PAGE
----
On the Immortality of the Soul

January 15, 2023

In Journal Norman Finkelstein

On the Immortality of the Soul (January 15, 2023)


1871 – 1919


Rosa Luxemburg was murdered 104 years ago today, on January 15, 1919. She, alongside Karl Liebknecht, were organizing a revolt of the German working class when the Freicorps, precursors of the Nazis, tortured and then killed them.  The German Social Democratic Party (SPD) acquiesced in their murders.  Rosa had belonged to the SPD, but split from it when its new leaders—Ebert, Scheidemann, and Noske—openly aligned with the German bourgeoisie. (In my dark moments, filled with vindictive rage, I wish these Judases had gotten their just dues and ended up in Hitler’s concentration camps.)  Franz Mehring, Karl Marx’s first great biographer, said of the verbal abuse Rosa often suffered in the SPD: “That is really not nice, and even less so because this tasteless knocking of the most brilliant intellect of all the scientific heirs of Marx and Engels can, in the last resort, only be rooted in the fact that it is a woman whose shoulders bear this intellect.”  Rosa did not need the brain (or braids) of Kimberlé Crenshaw to know that women suffer from a compound oppression.  A century before Ms. Intersectionality came along, Rosa observed that “proletarian women [are] the poorest of the poor, the most disempowered of the disempowered.”  Yet, it would never have occurred to Rosa to use her sex as an excuse or a crutch.  She pressed forward confident that, come what may, by the cleverness of her wit and the forcefulness of her will, she’d find her way.[1]  Although a political radical, she was intensely private and derived her supreme pleasure from her reclusive mental labors: “I feel very well insofar as I am able to get work done.  Work—that is to say, hard intensive work, which makes complete demands on one’s brain and nerves—is, after all the greatest pleasure in life”; “I prefer to sit at home at my desk, in my warm room … and read.  I fear that more than ever I am able to make do without people, and withdraw more and more into myself.”  (Karl Marx once said that his favorite occupation was “book-worming.”) From early on, her political radicalism put her at loggerheads with the SPD leadership, which had made its peace with the capitalist system.  After her incendiary speech at a party conference, venerable SPD founder August Bebel amusingly quipped, “I cannot help glancing at my boots to see whether they’re wading in blood.”  But Rosa could give as good as she got.   She and Clara Zetkin were once out walking en route to meet Bebel for lunch when they accidentally wandered onto an army firing range.  When they told Bebel what happened, he joked, “What would they write on your tombstones if you were shot?” Without missing a beat, Rosa shot back, “Here lie the last two men of German Social Democracy!”  If not the last laugh, History records that Rosa Luxemburg got the last word: the Judases are long forgotten; her name lives on.   In our Age of Wokeness, changing one’s pronouns is acclaimed a revolutionary act.  A Google search reports that “Judith Butler is a lesbian, legally non-binary, and as of 2020 said they use both they/them and she/her pronouns but prefer to use ‘they’ pronouns.”  The new generation faces unprecedented—quite possibly terminal—challenges: climate change, fascism, nuclear war. Paraphrasing Engels, Rosa famously said that the choice confronting humanity was between “socialism and barbarism.”  It might also be said the choice confronting us now is between Luxemburg’s uncompromising socialism and Butler’s navel-gazing.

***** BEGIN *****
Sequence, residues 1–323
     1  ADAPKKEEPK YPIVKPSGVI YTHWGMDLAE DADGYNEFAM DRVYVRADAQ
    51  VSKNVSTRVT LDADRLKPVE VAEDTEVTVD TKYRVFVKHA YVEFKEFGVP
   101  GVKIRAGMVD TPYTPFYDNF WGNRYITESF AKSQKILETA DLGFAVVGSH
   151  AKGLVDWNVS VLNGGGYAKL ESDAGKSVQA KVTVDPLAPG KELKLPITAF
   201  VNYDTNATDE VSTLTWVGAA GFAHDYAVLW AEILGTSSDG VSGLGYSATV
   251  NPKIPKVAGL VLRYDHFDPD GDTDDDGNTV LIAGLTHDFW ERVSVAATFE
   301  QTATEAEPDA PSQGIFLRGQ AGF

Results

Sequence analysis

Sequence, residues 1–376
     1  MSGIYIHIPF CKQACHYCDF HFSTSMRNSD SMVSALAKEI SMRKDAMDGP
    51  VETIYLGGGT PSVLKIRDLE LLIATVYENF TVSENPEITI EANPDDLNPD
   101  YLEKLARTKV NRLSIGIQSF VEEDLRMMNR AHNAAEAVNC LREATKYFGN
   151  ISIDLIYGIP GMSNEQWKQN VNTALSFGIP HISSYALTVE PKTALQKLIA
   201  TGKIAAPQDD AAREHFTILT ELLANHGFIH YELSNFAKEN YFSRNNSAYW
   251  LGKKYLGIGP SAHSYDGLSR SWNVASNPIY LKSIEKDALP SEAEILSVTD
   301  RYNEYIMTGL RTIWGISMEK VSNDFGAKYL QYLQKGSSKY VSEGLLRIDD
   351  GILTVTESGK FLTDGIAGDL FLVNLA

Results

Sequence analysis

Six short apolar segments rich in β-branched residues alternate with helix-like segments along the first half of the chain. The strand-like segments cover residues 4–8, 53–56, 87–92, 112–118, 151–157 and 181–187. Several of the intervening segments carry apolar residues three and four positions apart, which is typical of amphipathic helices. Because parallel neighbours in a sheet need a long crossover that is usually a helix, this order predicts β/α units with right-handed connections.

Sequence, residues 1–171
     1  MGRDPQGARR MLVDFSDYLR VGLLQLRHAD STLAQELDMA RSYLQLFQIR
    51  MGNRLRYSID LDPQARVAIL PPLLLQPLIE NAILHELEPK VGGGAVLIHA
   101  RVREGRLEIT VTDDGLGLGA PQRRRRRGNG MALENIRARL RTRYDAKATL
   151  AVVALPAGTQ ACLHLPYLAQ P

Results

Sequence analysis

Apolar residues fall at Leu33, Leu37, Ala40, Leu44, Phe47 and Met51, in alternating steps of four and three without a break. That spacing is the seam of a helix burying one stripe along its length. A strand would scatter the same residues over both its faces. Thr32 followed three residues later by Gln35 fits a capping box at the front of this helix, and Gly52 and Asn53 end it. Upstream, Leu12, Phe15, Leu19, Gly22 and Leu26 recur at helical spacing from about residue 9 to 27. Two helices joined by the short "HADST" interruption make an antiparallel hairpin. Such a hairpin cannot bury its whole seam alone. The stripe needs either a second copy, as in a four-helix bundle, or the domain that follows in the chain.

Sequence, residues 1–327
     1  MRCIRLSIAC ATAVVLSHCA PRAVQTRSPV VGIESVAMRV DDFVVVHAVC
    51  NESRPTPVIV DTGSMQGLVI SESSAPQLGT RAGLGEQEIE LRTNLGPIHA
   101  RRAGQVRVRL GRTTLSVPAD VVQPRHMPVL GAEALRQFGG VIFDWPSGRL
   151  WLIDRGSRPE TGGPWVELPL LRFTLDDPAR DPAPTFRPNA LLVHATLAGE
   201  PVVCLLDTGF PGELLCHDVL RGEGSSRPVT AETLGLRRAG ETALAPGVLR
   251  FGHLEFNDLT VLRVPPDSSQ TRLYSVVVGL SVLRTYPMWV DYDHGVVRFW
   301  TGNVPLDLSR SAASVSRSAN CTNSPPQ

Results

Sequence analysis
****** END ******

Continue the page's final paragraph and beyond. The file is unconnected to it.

“Unrelenting revolutionary activity, coupled with boundless humanity—that alone is the real life-giving force of socialism.  A world must be overturned, but every tear that has flowed and might have been wiped away is an indictment; and a man hurrying to perform a great deed who steps on even a worm out of unfeeling carelessness a crime.” (Rosa Luxemburg, 1918) (first in French, then in English)



[1] Rosa’s most enduring intimacy was with fellow revolutionary Leo Jogiches.  Of him, Clara Zetkin recalled: “He was one of those very masculine personalities—an extremely rare phenomenon these days—who can tolerate a great female personality in loyal and happy comradeship, without feeling her growth and development to be fetters on his own ego.” Jogiches was murdered shortly after Liebknecht and Luxemburg.